Bugs and limitations

Motion blur artifacts

Motion blur artifacts

Just like said, each trade off introduces inaccuracies, that result in visual artifacts. The most important one is obviously the scatter vs gather one. You can see the visual cost implied here: notice the ghost effect visible on the edge of some elements.

Another problem is how to manage the edges of the image. When an object is moving near the border, the algorithm may try to fetch colors outside the image. In that case, I see three solutions: leaving it as is if this is fine in your case (it might simply not happen often enough to be a problem), clamping the fetch to the border (this is what is done in E – Departure; notice how it affects the right side of the sample screenshot), or generating a bigger image to have a thin space outside the displayed frame where colors can still be fetched.

Those problems though are difficult to notice at low speed, and will appear only briefly at higher speed. So for E – Departure, this was an acceptable trade off.


I presented here a technique fairly simple to implement, allowing to get an effect which is visually pleasing, and that noticeably increases the realism of the image for a limited cost. It played an important role in our demo; I hope you will find a good use for it too.

Twenty four hours after getting back from tUM 2010 I almost completely recovered from the party coding, sleep deprivation, walking in the snow, and from the two hours late train ride to get there as well as get back from there. As planned, our new 64kB PC intro, E – Departure was presented there (sadly there was no other 64kB entry, so it was shown in a combined competition with PC demos).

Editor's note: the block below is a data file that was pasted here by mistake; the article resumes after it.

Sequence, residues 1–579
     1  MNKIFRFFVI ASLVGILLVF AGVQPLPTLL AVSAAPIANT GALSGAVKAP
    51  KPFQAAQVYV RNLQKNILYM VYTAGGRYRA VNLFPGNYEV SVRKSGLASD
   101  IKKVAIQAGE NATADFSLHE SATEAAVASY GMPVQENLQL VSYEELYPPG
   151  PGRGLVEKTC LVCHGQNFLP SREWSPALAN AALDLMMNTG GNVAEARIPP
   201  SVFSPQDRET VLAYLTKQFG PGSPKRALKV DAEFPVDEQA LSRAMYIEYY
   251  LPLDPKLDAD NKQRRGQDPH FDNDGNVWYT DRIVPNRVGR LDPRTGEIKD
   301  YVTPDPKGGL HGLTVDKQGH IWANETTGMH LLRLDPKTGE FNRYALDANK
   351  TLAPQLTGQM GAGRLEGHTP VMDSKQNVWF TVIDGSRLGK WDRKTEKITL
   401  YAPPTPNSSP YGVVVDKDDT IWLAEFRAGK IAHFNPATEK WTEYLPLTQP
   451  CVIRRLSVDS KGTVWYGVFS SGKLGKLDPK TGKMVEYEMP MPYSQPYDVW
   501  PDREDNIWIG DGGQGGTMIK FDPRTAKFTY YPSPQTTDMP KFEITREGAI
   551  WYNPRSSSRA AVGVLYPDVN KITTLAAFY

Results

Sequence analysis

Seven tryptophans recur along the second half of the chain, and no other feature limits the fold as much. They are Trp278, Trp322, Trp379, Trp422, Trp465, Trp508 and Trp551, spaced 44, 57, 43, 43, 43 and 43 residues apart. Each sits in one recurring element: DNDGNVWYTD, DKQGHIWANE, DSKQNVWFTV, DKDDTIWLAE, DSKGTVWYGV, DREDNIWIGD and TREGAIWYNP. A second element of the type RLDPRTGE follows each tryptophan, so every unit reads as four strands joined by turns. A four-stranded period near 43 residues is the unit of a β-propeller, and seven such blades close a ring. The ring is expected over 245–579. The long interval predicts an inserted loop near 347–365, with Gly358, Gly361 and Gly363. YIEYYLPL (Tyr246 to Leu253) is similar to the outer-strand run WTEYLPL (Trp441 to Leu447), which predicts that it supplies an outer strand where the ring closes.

What first drew my attention on this party was the website: carefully polished, with a beautiful layout, loads of useful and detailed information, random photos and links to productions from the previous years, etc. Also some details like the number of different music competitions (executable, tracked, streamed, loop : even though I am not into music myself, I think this is great), the fact that tracked music would feature a tracker rendering, the namevoting preventing rule, all stacked together left no doubt it was a carefully prepared event. Moreover, the so called Ultimate Breakfast and the free coffee and tea gave the feeling it would be pretty cozy.

Once there, all of this proved to be true. Flawless German organization. The Intranet had an embedded Google Map with everything a scener might possibly need, from food and cash dispenser to computer stores, and featured a food delivery service: the so called Foodwave. No need to get lost outside to find some hypothetical pizza, one just had to choose from the broad choice, pay at the food desk, and get back to coding or to whatever other activity more interesting than braving the cold the party was providing, until the food delivery was announced. A truly great service.

fr-063: Magellan, by Farbrausch

fr-063: Magellan, by Farbrausch